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Good News for WannaCry Victims: Poor Coding Helps in File Recovery

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Good News for WannaCry Victims: Poor Coding Helps in File Recovery

If your data was encrypted by the WannaCry ransomware you can now safely retrieve it with code written by security researchers.

· Security Zone
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WannaCry created a historical breach record of 400,000 computers across 150 countries in a very short period of time. Major organizations were affected by this breach and are still confused on how to go about retrieving those files that were encrypted by WannaCry. Security researchers have discovered that WannaCry is not as effective as it appears to be, as there exist some mistakes in coding which will allow us to retrieve our files safely.

Thank You, Kaspersky Researchers

Kaspersky Security researchers have identified a coding error which will help users to recover their files easily using a simple data recovery software. Kaspersky researchers have identified three mistakes made by WannaCry developers that could allow sysadmins to restore those encrypted files. The issues reside in the way WannaCry ransomware deletes those original files after encryption. In general, WannaCry first renames files to change their extension to ".WNCRYT," encrypts them, and then deletes the original files. 

Malware can't directly encrypt the read-only files, hence WannaCry copies the files and creates their encrypted copies, while the original files remain hidden. To recover those files, victims have to make them visible by resetting those attributes to the default settings, because WannaCry is not capable of deleting those files at all. The files that are stored on the important folders, like the Desktop or Documents folder, can't be recovered without the decryption key because WannaCry has been designed to overwrite original files with random data before removal. Other files stored outside of important folders on the system drive can be recovered from the temporary folder using a data recovery software.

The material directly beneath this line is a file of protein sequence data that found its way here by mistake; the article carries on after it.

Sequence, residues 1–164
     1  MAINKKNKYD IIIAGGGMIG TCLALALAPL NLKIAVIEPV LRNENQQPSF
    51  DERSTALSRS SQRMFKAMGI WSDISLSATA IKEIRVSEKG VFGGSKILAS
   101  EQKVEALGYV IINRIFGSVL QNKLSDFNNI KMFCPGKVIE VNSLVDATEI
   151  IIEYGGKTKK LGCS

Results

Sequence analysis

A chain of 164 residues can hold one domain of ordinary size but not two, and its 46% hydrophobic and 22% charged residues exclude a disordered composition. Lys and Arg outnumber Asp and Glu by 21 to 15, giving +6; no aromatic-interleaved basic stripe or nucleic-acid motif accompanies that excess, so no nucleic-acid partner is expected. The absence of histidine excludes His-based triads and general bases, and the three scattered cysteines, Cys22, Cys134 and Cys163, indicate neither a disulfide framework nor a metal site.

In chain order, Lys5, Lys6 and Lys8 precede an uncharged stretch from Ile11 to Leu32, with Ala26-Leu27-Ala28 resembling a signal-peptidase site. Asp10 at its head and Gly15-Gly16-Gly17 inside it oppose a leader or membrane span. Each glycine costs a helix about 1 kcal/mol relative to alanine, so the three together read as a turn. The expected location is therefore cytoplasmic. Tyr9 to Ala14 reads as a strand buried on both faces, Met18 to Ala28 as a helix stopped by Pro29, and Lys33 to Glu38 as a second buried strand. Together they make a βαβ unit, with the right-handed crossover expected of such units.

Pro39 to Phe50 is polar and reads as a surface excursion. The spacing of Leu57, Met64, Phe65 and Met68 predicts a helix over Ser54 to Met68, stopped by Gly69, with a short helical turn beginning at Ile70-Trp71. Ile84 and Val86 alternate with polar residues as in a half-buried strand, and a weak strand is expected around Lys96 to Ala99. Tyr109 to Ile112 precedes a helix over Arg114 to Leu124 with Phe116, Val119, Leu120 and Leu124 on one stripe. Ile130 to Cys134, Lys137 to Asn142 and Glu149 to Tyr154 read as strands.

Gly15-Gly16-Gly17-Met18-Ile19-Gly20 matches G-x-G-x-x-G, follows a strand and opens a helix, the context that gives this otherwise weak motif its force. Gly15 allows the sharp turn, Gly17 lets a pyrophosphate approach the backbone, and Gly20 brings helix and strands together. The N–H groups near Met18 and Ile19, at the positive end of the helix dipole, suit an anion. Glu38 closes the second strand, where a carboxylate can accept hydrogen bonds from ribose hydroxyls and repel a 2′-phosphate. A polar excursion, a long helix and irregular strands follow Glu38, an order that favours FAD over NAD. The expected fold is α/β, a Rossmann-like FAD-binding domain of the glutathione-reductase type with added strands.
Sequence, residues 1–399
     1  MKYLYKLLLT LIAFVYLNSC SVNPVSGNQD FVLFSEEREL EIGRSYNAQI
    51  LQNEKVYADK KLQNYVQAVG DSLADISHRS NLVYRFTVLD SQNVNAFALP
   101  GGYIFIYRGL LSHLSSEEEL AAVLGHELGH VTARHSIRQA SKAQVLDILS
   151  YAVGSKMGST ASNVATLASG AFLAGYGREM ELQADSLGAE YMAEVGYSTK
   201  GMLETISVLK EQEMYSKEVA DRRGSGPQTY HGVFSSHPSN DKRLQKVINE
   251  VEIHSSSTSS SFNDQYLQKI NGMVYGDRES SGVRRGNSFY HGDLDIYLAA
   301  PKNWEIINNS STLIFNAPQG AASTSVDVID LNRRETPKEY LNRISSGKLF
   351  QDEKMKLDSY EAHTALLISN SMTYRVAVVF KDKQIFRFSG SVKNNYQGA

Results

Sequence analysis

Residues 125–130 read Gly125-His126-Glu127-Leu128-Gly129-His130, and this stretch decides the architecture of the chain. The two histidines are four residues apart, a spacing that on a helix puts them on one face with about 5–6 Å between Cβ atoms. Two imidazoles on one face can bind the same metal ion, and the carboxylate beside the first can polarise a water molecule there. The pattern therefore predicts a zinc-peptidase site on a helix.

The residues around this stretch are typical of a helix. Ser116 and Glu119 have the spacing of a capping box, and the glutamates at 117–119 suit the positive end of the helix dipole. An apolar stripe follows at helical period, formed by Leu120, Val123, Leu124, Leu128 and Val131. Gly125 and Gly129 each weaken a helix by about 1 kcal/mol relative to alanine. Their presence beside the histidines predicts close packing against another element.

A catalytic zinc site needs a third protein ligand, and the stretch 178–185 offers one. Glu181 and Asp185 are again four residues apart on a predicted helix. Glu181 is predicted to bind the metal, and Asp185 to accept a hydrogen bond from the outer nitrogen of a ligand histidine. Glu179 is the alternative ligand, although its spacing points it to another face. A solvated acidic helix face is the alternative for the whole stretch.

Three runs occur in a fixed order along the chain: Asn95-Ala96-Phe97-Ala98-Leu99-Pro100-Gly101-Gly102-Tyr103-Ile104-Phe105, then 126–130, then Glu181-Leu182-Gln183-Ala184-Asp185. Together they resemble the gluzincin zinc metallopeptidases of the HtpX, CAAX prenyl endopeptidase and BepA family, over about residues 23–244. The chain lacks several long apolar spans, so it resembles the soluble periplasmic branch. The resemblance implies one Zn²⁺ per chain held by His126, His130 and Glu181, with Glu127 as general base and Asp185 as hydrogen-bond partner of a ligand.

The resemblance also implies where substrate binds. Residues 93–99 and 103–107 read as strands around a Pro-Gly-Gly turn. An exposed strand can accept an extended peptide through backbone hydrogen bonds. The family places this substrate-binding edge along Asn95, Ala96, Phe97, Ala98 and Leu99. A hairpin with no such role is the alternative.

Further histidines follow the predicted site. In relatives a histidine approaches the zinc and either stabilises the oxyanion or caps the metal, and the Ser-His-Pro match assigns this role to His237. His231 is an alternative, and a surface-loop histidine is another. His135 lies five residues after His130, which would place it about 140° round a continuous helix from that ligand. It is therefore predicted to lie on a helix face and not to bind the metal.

For non-system drives, the WannaCry creates a hidden '$RECYCLE' folder and moves those original files into a different directory after encryption. You can recover those files by unhiding the '$RECYCLE' folder. Also, due to "synchronization errors" in WannaCry's code, in many cases the original files remain in the same directory, making it possible for victims to recover deleted files using a data recovery software. All these programming errors in the code of WannaCry offer hope to many victims. French researchers have also built a WannaCry data recovery tool, that works on Windows operating systems.

Alternative to Shadow Broker's Subscription Model

While WannaCry was huge, it did, fortunately, have a coding error so the files could be safely recovered; but expecting the same every time would not be realistic. Shadow Brokers has already laid out their proposal for this subscription model of theirs.

Through this model, vulnerabilities will be disclosed to subscription members at least a month in advance, allowing them to escape attacks by paying for pertinent information upfront. This subscription service will include exploits for web browsers, routers, smartphones, operating systems, that is compromised of data from banks, and even stolen network information from Russian, Chinese, Iranian, and North Korean nuclear missile programs.

The road ahead looks dubious, gearing up your network security is definitely going to help. To improve your security keep your patches updated and go forward with confidence.

Find out how Synopsys can help you build security and quality into your SDLC and supply chain. We offer application testing and remediation expertise, guidance for structuring a software security initiative, training, and professional services for a proactive approach to application security.

Topics:
security ,wannacry ,cyberattack ,cybersecurity

Opinions expressed by DZone contributors are their own.

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